BEETHOVEN, BRUCH, TCHAIKOVSKY
The concert will open with the Coriolan Overture by Ludwig van Beethoven, one of the greatest artists in human history, who brought the spirit of a new era in his music, liberating it for the first time in the history of social conditioning and expressing in it the principle of art as an expression of personality. He wrote his overture about the famous Roman military leader Coriolanus in 1807 for the tragedy of the same name by Heinrich Joseph von Collins. His music brilliantly portrays the often turbulent dramatic action full of contrasting emotions, fully reflecting the course of this tragedy.
This is followed by Max Bruch and his famous First Violin Concerto, for which the longtime Rijeka concertmaster Anton Kyrylov will perform and present himself for the first time as a soloist alongside the Rijeka Symphony Orchestra. Max Bruch, a composer of German Romanticism, wrote more than 200 compositions in his prolific oeuvre, including three violin concertos, of which the First Violin Concerto in G Minor has become the backbone and an indispensable part of every violin repertoire. The concert was composed in 1866. Since its first appearance on concert stages, it has become one of the most popular romantic violin concerts among listeners and performers alike.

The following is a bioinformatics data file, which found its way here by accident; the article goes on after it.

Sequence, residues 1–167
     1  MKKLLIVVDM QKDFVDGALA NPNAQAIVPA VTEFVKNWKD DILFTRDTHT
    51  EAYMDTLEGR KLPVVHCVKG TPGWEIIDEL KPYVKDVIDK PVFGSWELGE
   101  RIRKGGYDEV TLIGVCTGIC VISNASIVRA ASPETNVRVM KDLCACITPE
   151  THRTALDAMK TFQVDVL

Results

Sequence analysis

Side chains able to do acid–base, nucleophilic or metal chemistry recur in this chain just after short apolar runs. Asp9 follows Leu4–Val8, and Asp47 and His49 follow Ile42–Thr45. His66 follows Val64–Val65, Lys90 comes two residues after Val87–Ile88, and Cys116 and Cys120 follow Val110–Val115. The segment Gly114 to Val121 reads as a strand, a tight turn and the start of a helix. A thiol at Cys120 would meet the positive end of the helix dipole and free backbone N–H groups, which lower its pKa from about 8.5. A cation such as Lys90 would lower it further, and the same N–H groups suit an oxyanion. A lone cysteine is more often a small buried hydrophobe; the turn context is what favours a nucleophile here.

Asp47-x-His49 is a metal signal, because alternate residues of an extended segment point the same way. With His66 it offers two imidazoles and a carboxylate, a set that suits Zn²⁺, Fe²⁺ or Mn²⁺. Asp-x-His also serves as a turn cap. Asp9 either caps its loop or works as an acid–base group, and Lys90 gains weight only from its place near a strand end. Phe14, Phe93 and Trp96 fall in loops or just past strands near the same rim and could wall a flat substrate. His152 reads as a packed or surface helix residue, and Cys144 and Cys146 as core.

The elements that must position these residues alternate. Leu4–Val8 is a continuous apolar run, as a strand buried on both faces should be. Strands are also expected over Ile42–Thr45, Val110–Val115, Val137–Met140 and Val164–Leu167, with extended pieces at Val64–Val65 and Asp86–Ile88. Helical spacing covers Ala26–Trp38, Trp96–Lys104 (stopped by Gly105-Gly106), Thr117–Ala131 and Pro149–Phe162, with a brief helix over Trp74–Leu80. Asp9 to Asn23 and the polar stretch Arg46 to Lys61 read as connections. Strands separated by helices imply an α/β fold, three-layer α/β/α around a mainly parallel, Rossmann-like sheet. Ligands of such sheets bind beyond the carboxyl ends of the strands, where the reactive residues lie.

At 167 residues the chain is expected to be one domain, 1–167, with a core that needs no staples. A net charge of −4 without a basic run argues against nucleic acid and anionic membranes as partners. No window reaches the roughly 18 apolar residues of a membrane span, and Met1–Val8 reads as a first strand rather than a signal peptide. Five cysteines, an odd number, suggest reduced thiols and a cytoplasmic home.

The concert will magnificently conclude with the Fourth Symphony by Pyotr Ilyich Tchaikovsky, the most popular Russian composer and the most expressive representative of Slavik romance. This composer’s material independence while still working as a professor was made possible by his patron, the rich widow Nadezhda von Meck, and their correspondence is an important source of information about Tchaikovsky’s creative work and aesthetic views. She went on to help him financially and morally for years, encouraging him to compose great works. Thanks to that help, Tchaikovsky managed to free himself from his painstaking services and devote himself to composing in peace. The relationship that made it possible for him is a touching and inimitable story of two people who, at the explicit request of Mrs. Meck, never met. Tchaikovsky repaid her in the most beautiful way by dedicating his Fourth Symphony to her, composed in 1877. At the time it was esteemed as his first truly completely symphonic work.
Ludwig van Beethoven (1770 – 1827): Coriolan Overture
Max Bruch (1838 – 1920): Concerto No. 1 for Violin and Orchestra in G Minor, Op. 26
1. Vorspiel: Allegro moderato
3. Finale: Allegro energico
Pyotr Ilyich Tchaikovsky (1840 – 1893): Fourth Symphony in F Minor, Op. 36
1. Andante sostenuto – Moderato con anima
2. Andantino in modo di canzone
3. Scherzo. Pizzicato ostinato. Allegro
4. Finale. Allegro con fuoco
The concert lasts approximately two hours with one intermission.